3. You can find out when you'll be impacted by checking the Rota Disconnection Schedule. Disconnections are carried out by group - your electricity supply is grouped with other properties in your area. Easily find your group at the top left of your energy bill. Look for a letter from A-Z next to your address in bold. Once you've found your rota disconnection letter, you can visit to view the schedule.

Bill showing rota disconnection code under account holder name and address
  1. You shouldn't be without electricity for more than 3 hours at a time; however, this could be longer depending on the severity of the emergency. The Emergency Executive website will post regular updates when live - These events typically last for 3 hours at a time. However, this could be longer depending on the severity of the emergency, for which you'll get up to 48 hours notice.

Is anything being done to help stop planned power cuts from happening?

National Grid manages the network and distribution of energy in Great Britain and published its Winter Outlook report earlier this year. The report looks at different scenarios that could impact energy supply and demand this winter. To help reduce the risk of blackouts as much as possible, they've launched a scheme that incentivises customers to use less electricity at peak times when supplies are low. The scheme is called the Demand Flexibility Service. Find out more about how we're supporting this service.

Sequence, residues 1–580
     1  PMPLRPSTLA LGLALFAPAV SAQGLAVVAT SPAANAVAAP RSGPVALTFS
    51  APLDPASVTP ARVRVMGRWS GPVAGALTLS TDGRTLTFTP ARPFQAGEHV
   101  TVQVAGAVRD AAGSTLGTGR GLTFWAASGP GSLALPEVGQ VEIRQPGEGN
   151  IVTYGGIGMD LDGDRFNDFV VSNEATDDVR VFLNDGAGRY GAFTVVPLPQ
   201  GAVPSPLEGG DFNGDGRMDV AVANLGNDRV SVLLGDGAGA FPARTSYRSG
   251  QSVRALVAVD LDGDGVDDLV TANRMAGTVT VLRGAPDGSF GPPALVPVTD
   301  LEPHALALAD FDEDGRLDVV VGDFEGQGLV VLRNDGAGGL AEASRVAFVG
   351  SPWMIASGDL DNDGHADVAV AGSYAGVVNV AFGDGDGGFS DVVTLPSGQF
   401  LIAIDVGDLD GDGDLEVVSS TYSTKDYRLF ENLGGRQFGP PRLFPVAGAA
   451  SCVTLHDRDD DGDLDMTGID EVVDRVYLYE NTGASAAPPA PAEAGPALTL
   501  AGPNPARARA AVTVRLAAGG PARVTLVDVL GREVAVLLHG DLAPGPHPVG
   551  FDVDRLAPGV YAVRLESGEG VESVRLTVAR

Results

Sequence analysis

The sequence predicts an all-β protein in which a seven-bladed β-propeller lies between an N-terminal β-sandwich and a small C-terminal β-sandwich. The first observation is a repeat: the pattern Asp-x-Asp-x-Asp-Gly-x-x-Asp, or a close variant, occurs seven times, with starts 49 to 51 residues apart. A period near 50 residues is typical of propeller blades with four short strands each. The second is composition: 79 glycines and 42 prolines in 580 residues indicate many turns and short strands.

Frequently asked questions about nationwide emergency power cuts

If you're registered on our Priority Services Register, and you've agreed to let us share your information with your network operator. In that case, they'll know you need electricity for your medical equipment.

Hopefully, you'll have put together a plan with your doctor or carer in case there is a situation where you lose your electricity supply. Your plan should always include dialling the emergency number 105, which will put you through to your network operator, who can help you further.

Do I get any other support if I'm on the Priority Services Register?

Your network operator will tell you beforehand if there's going to be a planned interruption to your electricity supply. Usually, this is due to essential maintenance work.

Many network operators can offer you other services if you're on the Priority Services Register. These include access to 24-hour priority phone numbers, regular updates and extra help during power cuts.